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ChristiaanJ
1st Oct 2009, 16:03
Ex Concorde flight test support engineer (Fairford and Filton).

I have an AICU computer (air intake control unit) from the BA auction.

I have some documentation, but not the CMM (component maintenance manual).
I still dream of finding a copy somewhere (not an original, I'm not a collector, and of course I'll pay for the copying).

I tried the PPRuNe Nostalgia forum some time ago, but that was clearly not the right place.

Anybody here who could help me in the chase?

Grasscarp
1st Oct 2009, 16:11
I did a quick google and found some information towards the bottom of this page, but it is all in French
FAQ de fr.rec.aviation (http://www.aviation-fr.info/dom/dominique7.php)

ChristiaanJ
1st Oct 2009, 16:36
Many thanks, Grasscarp.
I know the site and had read that, but I've now copied it, to print it out and drop it in my AICU 'dossier'.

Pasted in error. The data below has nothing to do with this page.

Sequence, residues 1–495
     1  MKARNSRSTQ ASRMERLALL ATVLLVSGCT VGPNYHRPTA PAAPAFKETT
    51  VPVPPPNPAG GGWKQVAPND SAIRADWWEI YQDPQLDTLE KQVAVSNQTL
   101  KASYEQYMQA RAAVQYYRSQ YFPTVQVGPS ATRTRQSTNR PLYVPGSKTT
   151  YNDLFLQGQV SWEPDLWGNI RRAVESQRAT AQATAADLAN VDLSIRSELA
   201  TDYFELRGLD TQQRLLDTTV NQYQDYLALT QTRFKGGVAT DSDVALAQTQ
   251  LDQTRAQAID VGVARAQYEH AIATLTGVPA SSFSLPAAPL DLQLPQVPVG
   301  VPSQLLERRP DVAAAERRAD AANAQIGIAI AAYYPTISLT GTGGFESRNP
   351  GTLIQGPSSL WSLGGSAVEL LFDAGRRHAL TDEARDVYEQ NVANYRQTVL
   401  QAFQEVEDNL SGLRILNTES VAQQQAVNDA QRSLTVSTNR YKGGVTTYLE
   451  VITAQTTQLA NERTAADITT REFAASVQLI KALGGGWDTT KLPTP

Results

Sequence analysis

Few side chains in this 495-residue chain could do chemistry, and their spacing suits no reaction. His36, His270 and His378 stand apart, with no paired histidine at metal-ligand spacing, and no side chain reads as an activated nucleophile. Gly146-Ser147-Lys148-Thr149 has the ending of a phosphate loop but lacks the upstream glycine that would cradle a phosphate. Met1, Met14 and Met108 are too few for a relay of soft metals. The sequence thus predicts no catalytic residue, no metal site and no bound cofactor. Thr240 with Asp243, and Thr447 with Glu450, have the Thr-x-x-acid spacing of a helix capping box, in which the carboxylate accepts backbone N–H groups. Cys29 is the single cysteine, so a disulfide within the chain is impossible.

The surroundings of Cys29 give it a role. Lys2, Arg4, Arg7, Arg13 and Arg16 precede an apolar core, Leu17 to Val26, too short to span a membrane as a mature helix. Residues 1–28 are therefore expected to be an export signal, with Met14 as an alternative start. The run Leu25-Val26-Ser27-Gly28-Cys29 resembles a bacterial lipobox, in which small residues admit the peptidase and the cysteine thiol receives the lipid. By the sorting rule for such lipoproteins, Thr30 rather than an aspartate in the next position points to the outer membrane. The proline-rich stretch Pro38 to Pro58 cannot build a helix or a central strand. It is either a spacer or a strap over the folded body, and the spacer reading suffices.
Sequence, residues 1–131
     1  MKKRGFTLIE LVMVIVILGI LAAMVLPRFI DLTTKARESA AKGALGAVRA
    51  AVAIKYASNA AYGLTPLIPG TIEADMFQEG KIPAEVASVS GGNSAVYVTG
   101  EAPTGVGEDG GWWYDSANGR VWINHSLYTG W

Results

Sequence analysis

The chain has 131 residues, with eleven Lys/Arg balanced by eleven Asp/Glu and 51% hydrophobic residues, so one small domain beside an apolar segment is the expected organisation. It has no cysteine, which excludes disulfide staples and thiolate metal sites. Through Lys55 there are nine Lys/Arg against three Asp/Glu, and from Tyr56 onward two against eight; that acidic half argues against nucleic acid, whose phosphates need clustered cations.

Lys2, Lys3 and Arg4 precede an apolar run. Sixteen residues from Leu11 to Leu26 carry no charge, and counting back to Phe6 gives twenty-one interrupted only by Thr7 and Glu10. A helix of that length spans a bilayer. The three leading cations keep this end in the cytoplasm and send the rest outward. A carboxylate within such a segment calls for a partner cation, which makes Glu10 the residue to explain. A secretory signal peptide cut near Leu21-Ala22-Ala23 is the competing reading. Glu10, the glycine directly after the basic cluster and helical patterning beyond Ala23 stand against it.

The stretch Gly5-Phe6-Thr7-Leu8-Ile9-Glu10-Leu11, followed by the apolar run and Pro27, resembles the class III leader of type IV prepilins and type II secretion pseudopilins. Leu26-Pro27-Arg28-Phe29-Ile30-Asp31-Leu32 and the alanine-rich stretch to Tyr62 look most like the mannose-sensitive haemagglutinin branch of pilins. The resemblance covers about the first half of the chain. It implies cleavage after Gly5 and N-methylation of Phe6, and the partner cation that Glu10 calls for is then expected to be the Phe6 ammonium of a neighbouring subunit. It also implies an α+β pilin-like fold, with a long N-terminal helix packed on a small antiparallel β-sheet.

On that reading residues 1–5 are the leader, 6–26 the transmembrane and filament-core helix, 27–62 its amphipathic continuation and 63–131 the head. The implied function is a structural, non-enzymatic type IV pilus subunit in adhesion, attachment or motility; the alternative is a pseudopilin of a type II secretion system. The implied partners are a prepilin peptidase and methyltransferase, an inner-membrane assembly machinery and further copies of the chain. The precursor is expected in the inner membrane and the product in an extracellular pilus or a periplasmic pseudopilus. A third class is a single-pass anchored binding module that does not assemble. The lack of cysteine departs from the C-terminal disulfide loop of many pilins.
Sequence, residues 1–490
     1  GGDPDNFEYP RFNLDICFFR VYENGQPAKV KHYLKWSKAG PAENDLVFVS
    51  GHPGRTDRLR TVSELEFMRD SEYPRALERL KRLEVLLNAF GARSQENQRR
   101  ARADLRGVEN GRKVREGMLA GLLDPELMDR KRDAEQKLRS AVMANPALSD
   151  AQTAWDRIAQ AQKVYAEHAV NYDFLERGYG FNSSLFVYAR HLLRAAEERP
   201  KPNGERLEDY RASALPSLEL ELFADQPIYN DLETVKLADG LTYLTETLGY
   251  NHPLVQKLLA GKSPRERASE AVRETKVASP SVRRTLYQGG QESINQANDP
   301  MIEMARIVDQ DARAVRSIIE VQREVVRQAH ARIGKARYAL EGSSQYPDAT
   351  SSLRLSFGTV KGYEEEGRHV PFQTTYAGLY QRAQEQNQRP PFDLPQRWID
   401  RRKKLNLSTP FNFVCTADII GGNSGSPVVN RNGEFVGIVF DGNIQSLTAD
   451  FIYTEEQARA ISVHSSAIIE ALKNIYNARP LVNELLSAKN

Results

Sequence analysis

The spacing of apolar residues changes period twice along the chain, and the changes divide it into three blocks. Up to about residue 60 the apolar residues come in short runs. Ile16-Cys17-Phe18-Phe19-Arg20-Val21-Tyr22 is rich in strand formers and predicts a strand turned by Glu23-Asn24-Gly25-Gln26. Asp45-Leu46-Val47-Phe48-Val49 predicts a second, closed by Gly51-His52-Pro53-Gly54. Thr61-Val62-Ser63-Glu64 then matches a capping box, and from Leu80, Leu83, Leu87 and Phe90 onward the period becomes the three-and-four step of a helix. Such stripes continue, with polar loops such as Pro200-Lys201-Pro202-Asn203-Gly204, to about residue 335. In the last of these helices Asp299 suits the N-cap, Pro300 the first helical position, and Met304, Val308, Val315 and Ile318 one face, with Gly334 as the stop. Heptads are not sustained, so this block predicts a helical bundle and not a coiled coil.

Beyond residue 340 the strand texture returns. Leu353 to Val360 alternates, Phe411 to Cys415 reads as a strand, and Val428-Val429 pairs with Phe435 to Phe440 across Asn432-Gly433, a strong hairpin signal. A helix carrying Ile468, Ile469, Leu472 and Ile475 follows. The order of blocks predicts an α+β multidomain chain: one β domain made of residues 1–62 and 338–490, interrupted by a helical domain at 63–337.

(French no problem, I worked for Elliott-SFENA!)
I also have the BA notes, which are quite detailed functionally, but don't go "inside the box"..... that's why I'm still hunting for the CMM with the block diagrams and schematics.

The system was manufactured by the BAC Guided Weapons division, and I'm not sure what they have morphed into since.

sooty655
1st Oct 2009, 19:08
BAC (and Hawker Siddeley) were absorbed into British Aerospace, and are now part of BAe Systems.

I've no idea if they have an archive of BAC stuff, but it must be worth a try.

ChristiaanJ
2nd Oct 2009, 14:09
sooty655,
Thanks!

The snag is that BAe Systems now has so many "tentacles", that it's difficult to know where to begin ... I'll probably have to start with the PR department.

I wonder if there is some kind of "Historical Branch", same as Rolls Royce.

Any clues to where to start will be gratefully received!

Mr Optimistic
2nd Oct 2009, 14:41
Stevenage or Filton would be my guess.

ChristiaanJ
2nd Oct 2009, 15:33
Mr Optimistic,
Thanks to you too!
That's two steps forward, since "MBDA" narrows it down nicely.
Filton will be my first bet.

sooty655
2nd Oct 2009, 19:18
I wonder if there is some kind of "Historical Branch", same as Rolls Royce.